NEW EDITION...A computerized magazine for high school students debuts this month. Orchestrated by the Public Broadcasting Service, HiWavz is an interactive CD magazine produced by students from 21 high schools across the U.S. who will write the news stories, personality profiles, sports and TV/movie reviews, as well as create the art and video concepts. PBS and 16 affiliate stations will reproduce the work on disk and beam it to the pilot schools via satellite. PBS plans to also distribute the paper magazine version to schools not yet supported with the necessary equipment.

READING RADIO...The radio industry has recently announced a standard for transmitting text on FM radio signals. Based on a similar system that has been in use in Europe since 1985, the "radio broadcast data system" will allow consumers in the states to see song titles displayed on a small screen on their radio, scan stations by music type or read advertising pitches. The new technology also makes it possible for stations to double as paging services, transmitting short messages to individual radios much like beepers now display phone numbers. Industry executives say the system may eventually be the ultimate replacement for the current broadcast system.

PROFILING PATENTS...With 70% of new inventions in computer technology never reported or revealed, it's a wonder how researchers and engineers can keep abreast of valuable information. Now there's Computer Technology Patents Profiles, a service published by Derwent Publications of London. The Profiles contain easy-to-read abstracts of original documents issued for patents in more than 30 different countries. Some titles include: Input and Output Interfaces, Image Processing, AI and Data Storage and Retrieval. The Profiles are available on an annual basis at cost per title. For further details contact: Derwent Publications--fax: 44 71 405 3630.

SLOW TO THE PUNCH...A report by a European Commission panel urged the EC to begin a decade-long, high-performance computing research program using public and private funds. The two areas attracting most attention are massively parallel processing and the linking of high-performance computers to networks. The report states that although the current research and development programs, ESPRIT and RACE, have pushed the high-performance computing technology ahead and produced start-up companies, larger companies from outside Europe are often quick to exploit the newly created market.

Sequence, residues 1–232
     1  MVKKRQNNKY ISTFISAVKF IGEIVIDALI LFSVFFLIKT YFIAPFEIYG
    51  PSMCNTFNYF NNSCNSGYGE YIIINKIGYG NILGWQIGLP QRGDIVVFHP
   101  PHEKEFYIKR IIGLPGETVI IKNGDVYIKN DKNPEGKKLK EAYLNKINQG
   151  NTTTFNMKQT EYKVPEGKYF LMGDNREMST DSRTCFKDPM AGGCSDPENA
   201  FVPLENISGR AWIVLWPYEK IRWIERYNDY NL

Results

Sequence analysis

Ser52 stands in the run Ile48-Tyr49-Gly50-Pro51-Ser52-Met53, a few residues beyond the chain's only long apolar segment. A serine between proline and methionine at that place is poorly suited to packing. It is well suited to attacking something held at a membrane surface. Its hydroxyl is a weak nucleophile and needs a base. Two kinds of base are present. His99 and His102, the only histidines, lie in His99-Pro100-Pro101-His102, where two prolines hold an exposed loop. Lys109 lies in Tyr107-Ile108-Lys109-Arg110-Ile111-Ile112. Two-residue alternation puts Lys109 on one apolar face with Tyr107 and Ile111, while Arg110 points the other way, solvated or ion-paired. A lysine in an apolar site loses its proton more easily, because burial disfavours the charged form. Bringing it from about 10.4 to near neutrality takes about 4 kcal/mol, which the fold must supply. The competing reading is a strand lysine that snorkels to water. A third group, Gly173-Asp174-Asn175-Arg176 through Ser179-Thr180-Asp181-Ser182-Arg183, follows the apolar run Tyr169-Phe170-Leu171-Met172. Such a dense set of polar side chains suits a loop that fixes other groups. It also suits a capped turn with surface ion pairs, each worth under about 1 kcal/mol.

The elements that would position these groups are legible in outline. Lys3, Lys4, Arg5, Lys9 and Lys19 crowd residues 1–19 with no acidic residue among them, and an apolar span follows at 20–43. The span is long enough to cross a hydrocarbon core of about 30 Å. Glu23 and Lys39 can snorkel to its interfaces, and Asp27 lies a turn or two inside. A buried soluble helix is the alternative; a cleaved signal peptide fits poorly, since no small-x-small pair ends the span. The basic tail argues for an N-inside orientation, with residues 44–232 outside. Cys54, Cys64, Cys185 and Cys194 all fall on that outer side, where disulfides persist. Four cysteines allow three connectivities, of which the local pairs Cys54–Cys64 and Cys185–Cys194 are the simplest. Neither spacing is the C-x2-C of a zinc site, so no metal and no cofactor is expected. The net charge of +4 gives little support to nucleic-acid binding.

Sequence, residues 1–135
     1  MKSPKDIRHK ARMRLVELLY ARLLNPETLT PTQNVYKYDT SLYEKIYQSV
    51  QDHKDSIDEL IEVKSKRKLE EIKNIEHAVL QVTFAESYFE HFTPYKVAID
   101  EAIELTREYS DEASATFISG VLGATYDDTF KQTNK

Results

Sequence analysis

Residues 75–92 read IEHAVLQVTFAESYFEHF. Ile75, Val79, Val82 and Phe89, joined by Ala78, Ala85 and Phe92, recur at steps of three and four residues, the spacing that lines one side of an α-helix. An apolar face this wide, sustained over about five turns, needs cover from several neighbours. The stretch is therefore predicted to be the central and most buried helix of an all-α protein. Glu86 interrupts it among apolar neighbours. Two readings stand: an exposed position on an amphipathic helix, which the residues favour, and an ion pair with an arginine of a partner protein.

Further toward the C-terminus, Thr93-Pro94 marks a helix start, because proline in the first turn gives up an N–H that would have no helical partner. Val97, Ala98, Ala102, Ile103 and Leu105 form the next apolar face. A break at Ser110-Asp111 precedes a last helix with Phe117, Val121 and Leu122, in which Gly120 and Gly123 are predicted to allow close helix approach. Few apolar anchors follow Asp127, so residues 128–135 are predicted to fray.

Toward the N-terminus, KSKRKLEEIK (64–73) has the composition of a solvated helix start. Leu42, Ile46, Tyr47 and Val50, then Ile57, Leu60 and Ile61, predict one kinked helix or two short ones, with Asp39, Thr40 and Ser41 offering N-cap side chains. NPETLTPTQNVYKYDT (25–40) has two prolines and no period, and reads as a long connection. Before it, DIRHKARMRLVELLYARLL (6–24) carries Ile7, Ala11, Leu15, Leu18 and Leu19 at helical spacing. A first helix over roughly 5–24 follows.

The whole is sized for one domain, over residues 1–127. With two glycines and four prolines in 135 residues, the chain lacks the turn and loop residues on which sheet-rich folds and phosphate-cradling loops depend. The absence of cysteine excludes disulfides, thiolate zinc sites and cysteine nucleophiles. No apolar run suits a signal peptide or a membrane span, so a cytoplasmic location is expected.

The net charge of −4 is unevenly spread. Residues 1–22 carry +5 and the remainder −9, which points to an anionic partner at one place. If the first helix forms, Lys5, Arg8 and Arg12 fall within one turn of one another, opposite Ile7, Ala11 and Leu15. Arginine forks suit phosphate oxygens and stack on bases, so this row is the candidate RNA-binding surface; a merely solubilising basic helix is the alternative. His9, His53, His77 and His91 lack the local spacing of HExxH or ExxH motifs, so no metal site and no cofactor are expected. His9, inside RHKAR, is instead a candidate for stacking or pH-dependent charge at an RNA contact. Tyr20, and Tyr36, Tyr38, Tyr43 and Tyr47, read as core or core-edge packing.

EMAIL FOR ALL TO SEE...A federal ruling has stopped a plan by the White House to erase millions of email messages that have accumulated on computer tapes. The tapes contain messages ranging from lunch orders and office memos to matters as serious as foreign policy initiatives and strategies. The decision is expected to have profound implications for journalists, prosecutors, plaintiffs and Congressional investigators who have sought access to information stored in the government's computer records.

HELLO, I MUST BE GOING...From our only-in-L.A. file comes this story about the world's first drive-thru mobile-phone shop. Cellular Specialists opened last month with car-hopping clerks working the parking lot serving cappuccino and pastries along with menus of their phone models, parts, and services. Shoppers sit and snack in the comfort of their own cars while waiting for credit checks or new purchases. Owner Bob Neman says he intends to cut the waiting time to buy a phone from 30 minutes to 10; a luxury he admits will cost more than a cup of java.
COPYRIGHT 1993 Association for Computing Machinery, Inc.
No portion of this article can be reproduced without the express written permission from the copyright holder.
Copyright 1993 Gale, Cengage Learning. All rights reserved.

Article Details
Printer friendly Cite/link Email Feedback
Publication:Communications of the ACM
Article Type:Brief Article
Date:Mar 1, 1993
Previous Article:Editorial pointers.
Next Article:Forum; a lesson in history.

Terms of use | Privacy policy | Copyright © 2019 Farlex, Inc. | Feedback | For webmasters